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Coincidence of atopy profile in terms of monosensitization and polysensitization in children and their parents

Cited 18 time in Web of Science Cited 16 time in Scopus
Authors
Kang, H.; Yu, J.; Yoo, Y.; Kim, D. K.; Koh, Y. Y.
Issue Date
2005-06-23
Publisher
Wiley-Blackwell
Citation
Allergy. 2005 Aug;60(8):1029-33.
Keywords
Allergens/*immunologyAnimalsChildCockroaches/immunologyFemaleFungi/immunologyHumansHypersensitivity/epidemiology/*geneticsIncidenceMale*ParentsPollen/immunologyPyroglyphidaeSkin Tests
Abstract
BACKGROUND: Results from epidemiologic studies have shown that childhood atopy is probably a hereditary disorder, because the offspring of affected parents have a higher risk of developing atopy. Among the atopic population, some subjects are sensitized to only one class of allergens (monosensitized), while other subjects are sensitized to more than one class of allergens (polysensitized). The aim of this study was to investigate whether atopy profile (monosensitization/polysensitization) in children is linked to the same conditions in their parents. METHODS: We evaluated sensitization to five classes of aeroallergens (house dust mites, animal danders, pollens, molds, and cockroach) by skin prick testing in a group of 494 children with suspicious allergic symptoms and in their parents. RESULTS: The frequency of parental atopy was highest (51.6%) in polysensitized children (n = 189), intermediate (37.1%) in monosensitized children (n = 178), and was lowest (22.4%) in nonsensitized children (n = 127). The proportion of polysensitized subjects among atopic parents was significantly higher for polysensitized children (45.6%) than for monosensitized children (31.1%). Polysensitized children were found to more frequently have one or both parents polysensitized (32.3%, 7.4%) than monosensitized children (18.5%, 2.2%) with odds ratios of 2.09 (95% CI: 1.29-3.40) and 3.48 (1.12-10.78), respectively, whereas the likelihood of having one or two monosensitized parents was not increased for polysensitized children. CONCLUSION: Our data suggest a familial coincidence of atopy profile in terms of monosensitization and polysensitization, although the relative importance of genetic or environmental influence should be studied further.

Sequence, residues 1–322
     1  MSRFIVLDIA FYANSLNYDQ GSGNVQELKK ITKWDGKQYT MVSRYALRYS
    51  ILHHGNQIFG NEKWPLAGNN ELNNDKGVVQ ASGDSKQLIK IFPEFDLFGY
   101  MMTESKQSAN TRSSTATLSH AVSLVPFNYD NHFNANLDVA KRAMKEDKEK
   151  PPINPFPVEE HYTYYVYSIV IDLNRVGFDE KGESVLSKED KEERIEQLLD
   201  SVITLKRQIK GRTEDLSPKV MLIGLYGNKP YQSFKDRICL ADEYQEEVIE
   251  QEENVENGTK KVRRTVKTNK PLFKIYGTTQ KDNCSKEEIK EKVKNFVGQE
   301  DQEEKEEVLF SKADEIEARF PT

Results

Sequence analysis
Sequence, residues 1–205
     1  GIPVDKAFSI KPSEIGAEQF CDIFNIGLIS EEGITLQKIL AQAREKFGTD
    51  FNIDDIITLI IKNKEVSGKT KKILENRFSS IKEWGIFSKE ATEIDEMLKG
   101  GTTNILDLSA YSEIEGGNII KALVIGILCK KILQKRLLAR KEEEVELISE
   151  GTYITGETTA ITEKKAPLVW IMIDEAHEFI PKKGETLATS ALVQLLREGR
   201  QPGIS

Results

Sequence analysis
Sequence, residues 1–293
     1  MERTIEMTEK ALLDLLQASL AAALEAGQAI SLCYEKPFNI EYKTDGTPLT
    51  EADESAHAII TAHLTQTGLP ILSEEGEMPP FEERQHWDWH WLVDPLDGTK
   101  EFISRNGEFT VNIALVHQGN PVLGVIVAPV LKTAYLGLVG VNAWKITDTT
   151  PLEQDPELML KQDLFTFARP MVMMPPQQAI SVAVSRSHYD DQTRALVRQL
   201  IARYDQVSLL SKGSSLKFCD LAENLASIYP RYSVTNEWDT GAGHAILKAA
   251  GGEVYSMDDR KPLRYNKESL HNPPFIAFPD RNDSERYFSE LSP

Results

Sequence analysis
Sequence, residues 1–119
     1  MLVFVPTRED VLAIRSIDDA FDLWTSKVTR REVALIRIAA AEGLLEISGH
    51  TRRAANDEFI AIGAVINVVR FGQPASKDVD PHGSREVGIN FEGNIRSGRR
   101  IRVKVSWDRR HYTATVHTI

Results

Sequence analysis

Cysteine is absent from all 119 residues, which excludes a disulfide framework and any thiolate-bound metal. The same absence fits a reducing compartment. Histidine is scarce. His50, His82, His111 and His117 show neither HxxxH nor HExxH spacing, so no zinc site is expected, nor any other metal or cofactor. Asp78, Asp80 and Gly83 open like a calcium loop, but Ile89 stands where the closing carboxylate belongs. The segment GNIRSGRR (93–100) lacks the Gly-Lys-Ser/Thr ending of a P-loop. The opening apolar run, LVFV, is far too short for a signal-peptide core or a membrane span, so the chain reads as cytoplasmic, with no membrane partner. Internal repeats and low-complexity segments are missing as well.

ISSN
0105-4538 (Print)
Language
English
URI
http://www.ncbi.nlm.nih.gov/entrez/query.fcgi?cmd=Retrieve&db=PubMed&dopt=Citation&list_uids=15969683

http://hdl.handle.net/10371/22635
DOI
https://doi.org/10.1111/j.1398-9995.2005.00804.x
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College of Medicine/School of Medicine (의과대학/대학원)Immunology (면역학전공)Journal Papers (저널논문_면역학전공)
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